Car, Jesus, and Punk Rock

Kendrick Jacobs is a senior from Jupiter, Florida majoring in Religious Studies. The following blog post was written for REL 360: Popular Culture/Humanities.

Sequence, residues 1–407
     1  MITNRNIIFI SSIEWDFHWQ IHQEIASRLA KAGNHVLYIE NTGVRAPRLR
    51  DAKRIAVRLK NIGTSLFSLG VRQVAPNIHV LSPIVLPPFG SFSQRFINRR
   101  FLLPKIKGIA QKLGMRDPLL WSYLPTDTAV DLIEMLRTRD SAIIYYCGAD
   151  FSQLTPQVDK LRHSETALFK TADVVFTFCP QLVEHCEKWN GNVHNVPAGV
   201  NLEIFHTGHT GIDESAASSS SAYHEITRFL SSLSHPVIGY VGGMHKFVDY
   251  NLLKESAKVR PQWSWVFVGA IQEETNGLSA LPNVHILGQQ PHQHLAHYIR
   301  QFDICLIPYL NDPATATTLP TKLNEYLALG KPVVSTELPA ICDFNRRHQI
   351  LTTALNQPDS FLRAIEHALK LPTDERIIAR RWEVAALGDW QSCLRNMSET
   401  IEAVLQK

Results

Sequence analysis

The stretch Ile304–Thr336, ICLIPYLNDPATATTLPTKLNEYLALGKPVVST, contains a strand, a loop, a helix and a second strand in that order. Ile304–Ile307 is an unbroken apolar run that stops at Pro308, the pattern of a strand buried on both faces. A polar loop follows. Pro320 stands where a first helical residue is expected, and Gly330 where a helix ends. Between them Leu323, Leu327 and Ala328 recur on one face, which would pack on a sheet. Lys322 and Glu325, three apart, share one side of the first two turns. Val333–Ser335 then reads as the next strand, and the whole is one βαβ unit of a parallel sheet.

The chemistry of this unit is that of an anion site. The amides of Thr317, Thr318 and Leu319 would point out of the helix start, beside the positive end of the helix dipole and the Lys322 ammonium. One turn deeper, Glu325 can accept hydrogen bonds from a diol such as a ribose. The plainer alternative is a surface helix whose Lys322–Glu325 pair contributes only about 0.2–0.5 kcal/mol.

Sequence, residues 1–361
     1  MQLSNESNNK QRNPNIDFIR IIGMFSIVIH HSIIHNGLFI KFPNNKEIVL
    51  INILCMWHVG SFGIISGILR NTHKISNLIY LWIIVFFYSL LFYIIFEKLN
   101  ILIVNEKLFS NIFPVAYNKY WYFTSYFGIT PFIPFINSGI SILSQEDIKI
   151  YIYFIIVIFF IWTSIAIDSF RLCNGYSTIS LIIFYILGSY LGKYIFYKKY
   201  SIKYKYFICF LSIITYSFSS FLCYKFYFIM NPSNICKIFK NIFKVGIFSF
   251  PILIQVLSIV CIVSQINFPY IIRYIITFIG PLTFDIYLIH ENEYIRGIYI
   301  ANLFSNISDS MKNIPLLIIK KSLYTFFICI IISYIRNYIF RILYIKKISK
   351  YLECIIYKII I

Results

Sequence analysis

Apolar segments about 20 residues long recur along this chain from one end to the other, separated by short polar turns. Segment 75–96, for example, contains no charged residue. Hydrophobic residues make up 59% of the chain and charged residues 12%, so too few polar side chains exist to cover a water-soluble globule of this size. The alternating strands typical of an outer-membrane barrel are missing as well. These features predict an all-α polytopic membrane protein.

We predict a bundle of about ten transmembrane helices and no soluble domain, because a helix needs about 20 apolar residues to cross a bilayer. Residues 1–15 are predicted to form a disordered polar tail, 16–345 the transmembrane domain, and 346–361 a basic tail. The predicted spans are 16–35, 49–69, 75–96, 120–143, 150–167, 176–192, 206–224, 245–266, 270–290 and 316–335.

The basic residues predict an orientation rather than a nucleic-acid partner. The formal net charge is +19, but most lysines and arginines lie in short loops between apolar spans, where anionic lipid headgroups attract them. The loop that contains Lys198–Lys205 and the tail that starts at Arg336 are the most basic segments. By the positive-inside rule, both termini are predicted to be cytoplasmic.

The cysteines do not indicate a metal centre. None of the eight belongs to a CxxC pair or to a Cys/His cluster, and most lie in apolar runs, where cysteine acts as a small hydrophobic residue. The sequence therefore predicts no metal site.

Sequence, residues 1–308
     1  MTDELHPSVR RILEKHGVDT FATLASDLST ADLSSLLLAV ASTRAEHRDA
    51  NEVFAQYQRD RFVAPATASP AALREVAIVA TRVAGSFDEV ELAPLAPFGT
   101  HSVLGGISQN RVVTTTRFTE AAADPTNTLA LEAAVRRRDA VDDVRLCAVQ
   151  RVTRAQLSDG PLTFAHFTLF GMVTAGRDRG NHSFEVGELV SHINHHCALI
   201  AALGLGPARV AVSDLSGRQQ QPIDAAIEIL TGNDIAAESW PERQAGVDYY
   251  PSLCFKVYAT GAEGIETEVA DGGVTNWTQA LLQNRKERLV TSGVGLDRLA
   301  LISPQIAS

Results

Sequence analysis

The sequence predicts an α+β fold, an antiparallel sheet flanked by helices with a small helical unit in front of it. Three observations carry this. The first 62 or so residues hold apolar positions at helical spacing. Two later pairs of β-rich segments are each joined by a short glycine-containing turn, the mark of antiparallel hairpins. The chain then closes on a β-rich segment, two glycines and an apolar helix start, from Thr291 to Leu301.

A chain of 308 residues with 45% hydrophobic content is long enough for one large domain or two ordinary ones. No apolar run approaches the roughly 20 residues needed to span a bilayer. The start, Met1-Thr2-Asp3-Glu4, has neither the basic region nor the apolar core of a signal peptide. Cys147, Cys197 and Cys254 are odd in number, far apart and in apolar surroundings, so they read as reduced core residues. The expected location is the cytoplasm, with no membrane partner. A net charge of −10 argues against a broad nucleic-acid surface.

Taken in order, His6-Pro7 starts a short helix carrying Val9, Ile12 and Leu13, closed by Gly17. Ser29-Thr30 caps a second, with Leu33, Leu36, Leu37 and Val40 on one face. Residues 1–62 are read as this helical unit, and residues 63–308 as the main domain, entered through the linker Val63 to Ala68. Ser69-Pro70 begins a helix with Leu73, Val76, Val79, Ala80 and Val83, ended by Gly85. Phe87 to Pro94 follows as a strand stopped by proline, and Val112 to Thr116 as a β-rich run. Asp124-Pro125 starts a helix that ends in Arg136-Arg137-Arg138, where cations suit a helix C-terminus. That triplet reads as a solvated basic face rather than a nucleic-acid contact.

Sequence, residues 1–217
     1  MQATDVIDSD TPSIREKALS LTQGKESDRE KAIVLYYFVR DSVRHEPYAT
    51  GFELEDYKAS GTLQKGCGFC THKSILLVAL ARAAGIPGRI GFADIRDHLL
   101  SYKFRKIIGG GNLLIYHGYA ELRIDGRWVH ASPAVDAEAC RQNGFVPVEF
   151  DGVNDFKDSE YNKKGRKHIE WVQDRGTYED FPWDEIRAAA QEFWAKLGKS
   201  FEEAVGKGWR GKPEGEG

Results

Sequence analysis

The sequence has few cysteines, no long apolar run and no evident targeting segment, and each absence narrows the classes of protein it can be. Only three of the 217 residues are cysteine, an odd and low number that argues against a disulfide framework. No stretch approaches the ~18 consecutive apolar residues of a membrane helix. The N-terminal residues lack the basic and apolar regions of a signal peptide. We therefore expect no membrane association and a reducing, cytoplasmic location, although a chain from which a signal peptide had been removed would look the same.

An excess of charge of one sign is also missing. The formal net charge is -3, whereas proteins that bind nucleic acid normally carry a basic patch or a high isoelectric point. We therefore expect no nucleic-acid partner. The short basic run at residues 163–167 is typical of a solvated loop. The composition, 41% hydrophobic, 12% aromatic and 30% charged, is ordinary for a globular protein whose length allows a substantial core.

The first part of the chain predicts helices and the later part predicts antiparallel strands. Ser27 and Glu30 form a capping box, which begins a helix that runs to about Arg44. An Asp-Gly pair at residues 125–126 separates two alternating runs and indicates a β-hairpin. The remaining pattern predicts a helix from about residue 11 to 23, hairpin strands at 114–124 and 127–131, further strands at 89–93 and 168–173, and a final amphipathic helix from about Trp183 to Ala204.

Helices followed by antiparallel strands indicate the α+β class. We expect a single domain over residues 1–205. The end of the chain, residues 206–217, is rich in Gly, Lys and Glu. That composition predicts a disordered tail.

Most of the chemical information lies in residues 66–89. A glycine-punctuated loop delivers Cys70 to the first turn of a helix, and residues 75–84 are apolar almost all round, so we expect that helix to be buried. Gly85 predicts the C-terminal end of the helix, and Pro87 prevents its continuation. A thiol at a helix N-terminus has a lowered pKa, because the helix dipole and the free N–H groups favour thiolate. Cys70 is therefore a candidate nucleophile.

Repo Man at first glance comes off as being another cult classic film. It captures a moment in American history you can’t read in a book or put your finger on, but if you asked someone who grew up in that time they would know exactly what you were talking about. The strange atmosphere put on by the satirical consumerism, dark comedy, and punk vibe that the movie has makes most people watch it and leave thinking nothing more than how weird it was to watch. But, underneath that tough punk exterior hides deep seated symbolism for religion. You would probably think it crazy if someone said it to you, but taking a closer look can really make this movie shine brighter than it already does.